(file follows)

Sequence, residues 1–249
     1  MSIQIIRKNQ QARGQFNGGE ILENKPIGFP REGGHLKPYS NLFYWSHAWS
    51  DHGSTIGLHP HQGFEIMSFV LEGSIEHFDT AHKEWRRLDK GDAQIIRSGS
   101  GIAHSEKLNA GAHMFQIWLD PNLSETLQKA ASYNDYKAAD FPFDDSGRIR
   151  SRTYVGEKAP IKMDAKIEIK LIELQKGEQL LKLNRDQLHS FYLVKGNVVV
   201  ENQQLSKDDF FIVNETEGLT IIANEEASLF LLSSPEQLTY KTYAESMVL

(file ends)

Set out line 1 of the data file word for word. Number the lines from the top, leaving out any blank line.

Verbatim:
Sequence, residues 1–249